For Consumers

Pet Turtles: Cute But Commonly Contaminated with Salmonella

small pet turtle swimming in aquarium (350x224)gecko on leaf (350x324)

Turtles commonly carry the Salmonella bacteria on their outer skin and shell surfaces. Geckos can also infect people with Salmonella.

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The little glassy-eyed creatures may look cute and harmless, but small turtles can make people very ill. Turtles commonly carry Salmonella bacteria on their outer skin and shell surfaces.

People can get infected with Salmonella by coming in contact with:

  • Turtles or other reptiles (lizards, snakes);
  • Amphibians (frogs, salamanders, newts); and
  • The habitats of reptiles or amphibians, such as cages, tanks and aquariums.

Salmonella can cause a serious or even life-threatening infection in people, even though the bacteria do not make reptiles or amphibians sick. One example: the 2007 death of a 4-week-old baby in Florida linked to Salmonella from a small turtle. The DNA of the Salmonella from the turtle matched that from the infant.

People infected with Salmonella may have diarrhea, fever, stomach pain, nausea, vomiting, and headache. Symptoms usually appear six to 72 hours after contact with the bacteria and last about two to seven days. Most people recover without treatment; but some can become so sick that they need to be treated in a hospital.

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Who Is at Risk of Salmonella Infection

Anyone can get Salmonella infection. But the risk is highest in infants; young children; elderly people; and people with lowered natural resistance to infection because of pregnancy, cancer, HIV/AIDS, diabetes, and other diseases.

“All reptiles and amphibians have the potential to be carriers of Salmonella,” says Vic Boddie II, Ph.D., a consumer safety officer in the Food and Drug Administration’s Center for Veterinary Medicine. “And if children come in contact with small turtles, they run the risk of becoming very ill.”

“Even if a small turtle doesn’t look sick, it may still carry Salmonella that could make young children sick. And unfortunately, children will unknowingly infect themselves,” Boddie says. “Kids have the tendency to put the small turtles in their mouths or play in the turtle habitat and then put their fingers in their mouths. Also, reptile habitats are sometimes cleaned in the kitchen sink, which could cross-contaminate food and eating utensils, thus posing a serious risk to both kids and the elderly.”

Surfaces such as countertops, tabletops, bare floors, and carpeting can also become contaminated with the bacteria if the turtle is allowed to roam on them. The bacteria may survive for a long time on those surfaces. Proper handling and hygiene practices are extremely important in preventing the spread of the bacteria and keeping you and your family healthy.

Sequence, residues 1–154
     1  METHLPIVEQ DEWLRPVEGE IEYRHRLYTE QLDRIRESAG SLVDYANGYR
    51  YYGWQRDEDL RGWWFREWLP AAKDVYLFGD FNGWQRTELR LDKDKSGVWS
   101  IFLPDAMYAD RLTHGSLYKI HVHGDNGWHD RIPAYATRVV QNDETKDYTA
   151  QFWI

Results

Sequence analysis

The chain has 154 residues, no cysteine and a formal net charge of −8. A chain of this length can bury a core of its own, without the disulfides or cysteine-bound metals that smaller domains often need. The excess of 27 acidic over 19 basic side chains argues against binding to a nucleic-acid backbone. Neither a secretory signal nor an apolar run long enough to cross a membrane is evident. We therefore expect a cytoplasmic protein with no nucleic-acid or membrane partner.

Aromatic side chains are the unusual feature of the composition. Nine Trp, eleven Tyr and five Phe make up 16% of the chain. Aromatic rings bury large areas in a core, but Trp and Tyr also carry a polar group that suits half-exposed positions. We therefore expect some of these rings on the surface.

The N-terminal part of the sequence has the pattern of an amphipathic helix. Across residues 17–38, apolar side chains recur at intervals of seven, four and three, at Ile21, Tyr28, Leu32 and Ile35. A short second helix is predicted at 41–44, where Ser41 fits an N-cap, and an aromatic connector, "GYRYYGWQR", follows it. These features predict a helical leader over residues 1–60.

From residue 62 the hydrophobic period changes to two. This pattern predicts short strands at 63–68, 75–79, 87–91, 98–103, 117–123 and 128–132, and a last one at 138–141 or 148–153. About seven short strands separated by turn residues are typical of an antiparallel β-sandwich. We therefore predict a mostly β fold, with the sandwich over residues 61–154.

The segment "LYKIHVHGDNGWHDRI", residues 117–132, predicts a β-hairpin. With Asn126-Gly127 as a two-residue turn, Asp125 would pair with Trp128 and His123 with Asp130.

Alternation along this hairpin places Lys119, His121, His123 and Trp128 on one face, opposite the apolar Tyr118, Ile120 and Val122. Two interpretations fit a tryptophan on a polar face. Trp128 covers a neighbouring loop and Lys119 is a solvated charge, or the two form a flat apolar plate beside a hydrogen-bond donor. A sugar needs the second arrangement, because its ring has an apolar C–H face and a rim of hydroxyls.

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Infection From Turtles and Geckos

In four outbreaks between Jan. 16, 2015, and April 8, 2016, 133 people from 26 states were infected with Salmonella, according to the Centers for Disease Control and Prevention (CDC). Although there were no deaths associated with these Salmonella outbreaks, 38 people were hospitalized (41% of them were children age 5 or younger).

The investigation showed that shortly before many of the people became ill, they were exposed to a small turtle by touching, feeding, cleaning the habitat, or changing the water in the tank. Almost half of the people who had contact with small turtles reported buying and handling small turtles from a street vendor or receiving the turtle as a gift.

Geckos also can be the source of a Salmonella outbreak. Between Jan. 1, 2014, and June 16, 2015, CDC received reports of 22 people in 17 states who were infected with Salmonella associated with geckos. Geckos commonly live in aquariums or fish tanks, and could be carrying Salmonella but appear healthy and show no signs of illness.

As with turtles, these outbreaks generally affected children, and some infected individuals were hospitalized. It is extremely important that you and your family members wash your hands thoroughly with soap and water right after handling geckos or their habitats.

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Advice for Consumers

  • Don’t buy small turtles or other reptiles or amphibians for pets or as gifts.
  • If your family is expecting a child, remove any reptile or amphibian from the home before the infant arrives.
  • Keep reptiles and amphibians out of homes with children younger than 5, the elderly, or people with weakened immune systems.
  • Do not allow reptiles or amphibians to roam freely through the house, especially in food preparation areas.
  • Do not clean aquariums or other supplies in the kitchen sink. Use bleach to disinfect a tub or other place where reptile or amphibian habitats are cleaned.
  • Always wash your hands thoroughly with soap and water after touching any reptile or amphibian, its housing, or anything (for example, food) that comes in contact with the animal or its housing.
  • Be aware that Salmonella infection can be caused by contact with reptiles or amphibians in petting zoos, parks, child-care facilities, or other locations.
  • Watch for symptoms of Salmonella infection, such as diarrhea, stomach pain, nausea, vomiting, fever, and headache. Call your doctor immediately if you have any of those symptoms.

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Updated: May 18, 2016



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Page Last Updated: 05/18/2016
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